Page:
Blood ties: We talk to a father and daughter about a family tradition of donating blood 1 year ago

Blood ties: We talk to a father and daughter about a family tradition of donating blood

Brought to you by the Irish Blood Transfusion Service.

Carrying on a fine tradition of donations.

When the National Wax Museum Plus and the Irish Blood Transfusion Service (IBTS) recently joined up to encourage people to give blood, they drafted in the museum’s Dracula to help. The bloodsucker visited various locations across Dublin and the public was asked to guess where he was, using the hashtag #WheresDrac.

The competition was all part of the drive to encourage people to give blood. It's a cause that's close to the heart of the museum’s marketing manager, Laoise Keaveney, thanks to a longstanding family tradition. Laoise’s father John has given blood 94 times and Laoise has followed in her father’s footsteps by giving blood regularly. Here are their donor stories.

Laoise Keaveney

“I’ve given blood since I was 18 and I come from a family of blood donors,” explains Laoise. “My father is a retired school teacher. He reached 94 pints of blood, which is quite rare.”

Unfortunately, illness meant that John had to stop giving blood but Laoise has continued the family tradition. Her sister was also a regular donor. Trips to the blood clinic with John were a consistent feature of growing up in the Keaveney household.

“One of my earliest memories was going into town when I was five or six and watching him give blood," recalls Laoise. "He brought me along ever since I was a child and he drilled into me from the start that it’s important to give blood.”

The encouragement to give blood came from both her parents, Lucy and John. The IBTS is asking existing donors to encourage family or friends to get on board, with every donation needed.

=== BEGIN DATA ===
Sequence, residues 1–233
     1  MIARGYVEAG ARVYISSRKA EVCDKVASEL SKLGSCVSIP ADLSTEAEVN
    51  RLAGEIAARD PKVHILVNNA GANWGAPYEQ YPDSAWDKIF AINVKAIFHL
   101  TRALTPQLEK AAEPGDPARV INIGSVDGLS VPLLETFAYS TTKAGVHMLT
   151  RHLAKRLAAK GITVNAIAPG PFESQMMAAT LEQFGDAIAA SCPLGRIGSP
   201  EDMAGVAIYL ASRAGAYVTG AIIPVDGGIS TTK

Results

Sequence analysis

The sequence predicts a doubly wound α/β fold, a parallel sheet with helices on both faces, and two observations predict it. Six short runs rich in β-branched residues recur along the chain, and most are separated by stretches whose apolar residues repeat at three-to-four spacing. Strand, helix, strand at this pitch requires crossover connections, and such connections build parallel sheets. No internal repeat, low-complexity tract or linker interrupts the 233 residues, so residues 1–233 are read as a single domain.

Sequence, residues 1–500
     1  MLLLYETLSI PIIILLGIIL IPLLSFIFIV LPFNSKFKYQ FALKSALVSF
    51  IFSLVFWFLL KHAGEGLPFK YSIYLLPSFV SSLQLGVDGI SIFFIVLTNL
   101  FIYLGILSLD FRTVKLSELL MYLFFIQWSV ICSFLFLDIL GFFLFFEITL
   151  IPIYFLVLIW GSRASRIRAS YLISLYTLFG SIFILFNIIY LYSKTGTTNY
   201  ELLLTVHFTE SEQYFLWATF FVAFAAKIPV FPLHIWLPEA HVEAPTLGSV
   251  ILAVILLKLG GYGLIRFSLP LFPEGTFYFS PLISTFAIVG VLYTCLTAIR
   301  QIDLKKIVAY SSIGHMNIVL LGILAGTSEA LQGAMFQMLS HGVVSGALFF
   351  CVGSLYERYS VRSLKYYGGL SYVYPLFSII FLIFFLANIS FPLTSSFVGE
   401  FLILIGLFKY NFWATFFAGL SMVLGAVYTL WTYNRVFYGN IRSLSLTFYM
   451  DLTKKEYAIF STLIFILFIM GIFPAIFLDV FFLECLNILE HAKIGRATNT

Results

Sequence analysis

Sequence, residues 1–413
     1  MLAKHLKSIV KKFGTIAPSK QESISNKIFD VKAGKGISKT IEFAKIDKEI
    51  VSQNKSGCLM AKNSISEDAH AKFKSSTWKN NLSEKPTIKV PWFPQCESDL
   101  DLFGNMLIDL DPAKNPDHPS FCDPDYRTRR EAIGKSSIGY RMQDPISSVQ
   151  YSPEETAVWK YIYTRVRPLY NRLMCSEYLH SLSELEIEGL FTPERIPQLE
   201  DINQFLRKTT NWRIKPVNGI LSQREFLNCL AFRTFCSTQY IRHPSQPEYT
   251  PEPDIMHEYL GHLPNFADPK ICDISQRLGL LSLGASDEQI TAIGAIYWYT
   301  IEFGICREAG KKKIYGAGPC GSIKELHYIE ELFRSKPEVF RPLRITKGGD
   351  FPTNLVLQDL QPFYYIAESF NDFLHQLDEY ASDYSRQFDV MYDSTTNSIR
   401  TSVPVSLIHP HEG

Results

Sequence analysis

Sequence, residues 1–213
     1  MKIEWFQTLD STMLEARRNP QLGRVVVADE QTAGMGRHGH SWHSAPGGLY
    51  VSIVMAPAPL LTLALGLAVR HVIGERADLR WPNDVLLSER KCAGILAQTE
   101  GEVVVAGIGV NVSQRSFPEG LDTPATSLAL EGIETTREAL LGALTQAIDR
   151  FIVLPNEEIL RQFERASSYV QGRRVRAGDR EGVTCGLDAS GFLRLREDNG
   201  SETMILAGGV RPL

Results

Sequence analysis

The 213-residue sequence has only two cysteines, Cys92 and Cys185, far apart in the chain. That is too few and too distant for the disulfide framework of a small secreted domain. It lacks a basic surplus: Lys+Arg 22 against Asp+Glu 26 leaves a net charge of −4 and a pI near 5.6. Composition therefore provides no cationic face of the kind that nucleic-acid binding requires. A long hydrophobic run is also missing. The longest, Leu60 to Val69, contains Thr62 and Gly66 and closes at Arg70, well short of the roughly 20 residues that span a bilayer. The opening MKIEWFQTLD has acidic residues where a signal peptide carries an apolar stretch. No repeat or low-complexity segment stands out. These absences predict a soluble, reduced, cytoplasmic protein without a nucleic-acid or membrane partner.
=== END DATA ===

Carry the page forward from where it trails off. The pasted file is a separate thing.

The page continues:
“From my own experience, it was what my Dad did and so I’d recommend anyone to do it,” says Laoise. “I wouldn’t donate as regularly as my Dad did but I’ve given blood about 10 to 15 times to date and I’m 29.”

So would she like to one day surpass her father’s milestone of 94 pints?

“Yes, I’d love to get to 100,” admits Laoise. “I’m just very proud of Dad for getting to 94.”

John Keaveney

Very few people manage 100 donations in their lifetime. For John Keaveney, he was well on the way to hitting this target when he was diagnosed with cancer. Although he recovered, it meant he could no longer give blood.

It brought an end to a habit that started 50 years ago when he was a student at St Patrick’s College.

“IBTS came in to ask the student body to give blood,” recalls John. “I’d have been maybe 18 or 19 years of age and we all gave blood. I happened to be O Negative, which is the universal donor, meaning that my blood can be used by any patient. They said that only 8% of the population was O Negative. They didn’t say that I had to do my duty or anything but I felt more of an onus on me to donate.”

So began a lifetime of giving blood and, as he got older, he got into a habit of donating every three months. He never lost sight of the reasons why it was important and he wasn’t shy about recommending it to family and friends.

“I would always have encouraged other people to give blood. It was kind of a routine as far as I was concerned. I felt a duty to do it and it obviously saves people’s lives.”

Missing out on the chance to hit 100 donations was disappointing for the veteran donor. He found out that he was no longer eligible to donate when he turned up for his 95th donation.

“I just felt a little bit disappointed that I was six away from the 100!” admits John. “I’d 94 donations done but I ended up getting cancer and, once you get cancer, they are not able to take your blood anymore. It’s very rare that anyone gets to the 100.”

Although he missed out on the elusive 100th donation, he was presented with an honorary award on Friday night to mark his contribution over the years. Plus, there’s still the chance for his daughter to reach the milestone for the family. He says he wouldn’t put any pressure on her but believes it’s important for everyone to give blood as much as they can.

“I would encourage any young person to do it," says John. "I always say that giving blood is good. Still, kids are young, footloose and fancy-free and you have to remember that it’s voluntary! I’d encourage people to support the Irish Blood Transfusion Service and give blood regularly.”

3,000 blood donations are needed each week and one in four of us will need a blood transfusion in our lives. But only 3% of the eligible population give blood. In a typical year, the Irish Blood Transfusion Service receives 1.3 donations per donor per year so it’s vital to encourage your friends, family or work colleagues to join you if you are donating.

For more information or to see if you're eligible to donate, check out the website

Brought to you by the Irish Blood Transfusion Service.